How to care for your surfboard and wetsuit? So imagine you’re on your way to learning how to surf. You’re paddling out, standing up, riding down the face, even starting to hone your bottom turn.
Whether you’ve just taken your first surf lesson, or looking to purchase your first board, you’re going to need to know how to properly care for your equipment. It is important to learn how to care for your surfboard and wetsuit.
How to care for your surfboard
Let’s use your car as an example: As a good car owner, you’d make sure to fill up the gas, clean the windshield, put air in the tires, conduct routine oil changes, clean and vacuum the interior, and take it in for repairs as soon as the check engine light pops up.
Owning a surfboard is no different. Here are the basics:
1) Rinse your board in freshwater upon exiting the ocean.
Shower access is always ideal. Rinse the saltwater off your board as soon as possible, and before loading up your board. This will keep the exterior layer–resin, paint, and glassing–from deteriorating, and avoid excess sand from getting stuck in the wax, which can cause irritation.
Even if you’re using a soft top or foam board, you’ll want to rinse it thoroughly to avoid the plastic coating from peeling.
If beach showers are not available, consider keeping a refillable jug of freshwater in your car.
2) Learn to wax your board… the correct way
Once you’ve identified the proper variety of surf wax (e.g. tropical or cold water wax), find someone knowledgeable to show you how to wax your board. A quick online search will also lend you some good tutorials.
Here are some basic DOs and DO NOTs when waxing your board:
- DO wax all surfaces of the board your feet will touch.
- DO NOT get sand in your wax.
- DO apply multiple coats.
- DO consider a base coat.
- DO NOT leave your bar of wax or your waxed board in the sun.
- DO NOT put your board wax-side-down on the roof of any part of your car… as you can probably guess, the heat will quickly cause the wax to melt on contact and stick to the paint. A towel barrier between your board and the car can act as an easy fix.
3) Invest in a board bag or board sock.
Board bags are the best way to ensure your new board stays pristine for as long as possible and free of dings and scratches.
While many new surfers recognize the threat of on-site collisions in the water (and the possible damage to your board that may ensue), some tend to overlook the minor wear and tear that can occur on a daily basis: accidentally banging your board on the way out the door, or even debris from the g round scratching the exterior.
A cloth board sock is a good measure to protect your longboard or shortboard and keep it safe and secure during storage and transport whenever you’re not actively surfing.
Another option, and the next step up, would be to get a day bag for extra protection and insulation.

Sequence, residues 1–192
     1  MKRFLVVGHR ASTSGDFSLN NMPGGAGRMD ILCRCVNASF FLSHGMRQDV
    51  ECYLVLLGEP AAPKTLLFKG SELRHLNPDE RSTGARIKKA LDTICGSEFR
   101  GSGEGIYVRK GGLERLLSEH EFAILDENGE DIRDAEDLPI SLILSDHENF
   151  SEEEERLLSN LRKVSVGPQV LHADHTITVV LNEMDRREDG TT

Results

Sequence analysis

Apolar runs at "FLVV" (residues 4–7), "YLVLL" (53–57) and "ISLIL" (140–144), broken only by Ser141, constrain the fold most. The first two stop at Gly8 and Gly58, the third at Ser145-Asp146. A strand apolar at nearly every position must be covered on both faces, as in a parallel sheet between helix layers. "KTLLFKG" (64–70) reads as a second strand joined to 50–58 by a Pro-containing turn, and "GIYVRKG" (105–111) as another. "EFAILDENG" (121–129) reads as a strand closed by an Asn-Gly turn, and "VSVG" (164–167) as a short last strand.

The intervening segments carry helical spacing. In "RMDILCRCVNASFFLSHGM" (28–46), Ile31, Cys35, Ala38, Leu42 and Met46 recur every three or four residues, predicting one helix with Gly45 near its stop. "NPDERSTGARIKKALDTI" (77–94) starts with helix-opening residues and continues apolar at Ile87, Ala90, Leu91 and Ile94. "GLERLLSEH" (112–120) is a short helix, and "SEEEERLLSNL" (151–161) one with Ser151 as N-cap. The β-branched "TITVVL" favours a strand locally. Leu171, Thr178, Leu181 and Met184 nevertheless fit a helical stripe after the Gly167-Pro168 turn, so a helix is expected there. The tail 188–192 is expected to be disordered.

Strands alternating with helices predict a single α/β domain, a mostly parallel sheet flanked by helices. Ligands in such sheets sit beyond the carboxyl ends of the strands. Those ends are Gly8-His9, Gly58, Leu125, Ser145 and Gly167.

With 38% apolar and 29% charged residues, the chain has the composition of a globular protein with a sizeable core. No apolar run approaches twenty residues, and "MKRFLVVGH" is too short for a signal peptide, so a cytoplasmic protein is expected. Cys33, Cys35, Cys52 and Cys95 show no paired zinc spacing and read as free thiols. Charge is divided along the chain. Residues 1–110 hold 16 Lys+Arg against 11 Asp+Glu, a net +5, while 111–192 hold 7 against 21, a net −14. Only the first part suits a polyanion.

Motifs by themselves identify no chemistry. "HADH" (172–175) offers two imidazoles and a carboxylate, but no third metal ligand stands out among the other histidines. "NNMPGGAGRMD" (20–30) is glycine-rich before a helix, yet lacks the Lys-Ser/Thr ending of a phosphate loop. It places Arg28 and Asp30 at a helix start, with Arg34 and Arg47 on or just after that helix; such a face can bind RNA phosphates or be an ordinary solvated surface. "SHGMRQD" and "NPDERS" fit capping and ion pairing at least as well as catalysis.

A day bag is similar to a travel bag, but for more frequent use. It is typically lighter and less padded, but offers more protection that a board sock alone.
Just make sure you order the proper dimensions to fit your board. Make sure that when storing your board, your board bag or sock is completely free of any sand.
4) Do your own repairs.
Eventually, if you’re using a fiberglass or epoxy board you may want to invest in a ding repair kit for DIY repairs.
Popular kits can include resin, hardener, sand paper, and fiberglass patches.
This will not only prevent your board from long term damage and from getting waterlogged, but it can save you money in the long run.
5) Learn the rules before you break them.
Your favorite surfers learned the rules before they broke them, and so must you.
Arguably, there is no one right way to care for your board and you are bound to hear conflicting advice as you embark on your surf journey, along with many quick fixes and hacks regarding your surf equipment.
Anyone from the beginner to the most advanced surfer (and everyone in between) will incur some sort of damage to their board at some point. You will learn through trial and error, but the basics of board care will never go out of style. Learning how to care for your surfboard and wetsuit will always be important.
How to care for your wetsuit
Along with proper treatment of your surfboard, you also want to take care of your wetsuit so that it continues to serve its purpose in the water.
Depending on where you plan to surf regularly, the water temperature will determine the type of suit you need to wear.
Wintertime in San Francisco or on the East Coast will warrant a full length 3-5mm neoprene suit, possibly even booties.
During the warmer summer months in Los Angeles, for example, you may be able to get away with a long sleeve wetsuit on top or a spring suit.
The bottom line: if you take good care of your wetsuit, it will take good care of you.
Here are the basics:
1) Remove your wetsuit soon after exiting the water and change into dry clothes.
If you are wearing a full suit, avoid removing your wetsuit in the sand… it will be a headache to clean later.
2) Rinse your wetsuit inside and out and let it hang dry.
Dry your suit preferably away from direct sunlight, indoors, or in a shady spot outside. This will maintain the longevity of your suit.
3) Wash your wetsuit in warm water.
After a few wears or when you deem necessary, wash your wetsuit in warm water with a little bit of shampoo of your choice. If you have any doubt, check the details on the manufacturer’s website.
Now that you’re armed and ready with your fresh set of skills in and outside of the water, the next step is simple– GO SURF!
Here is another article in case you need help deciding which board to get!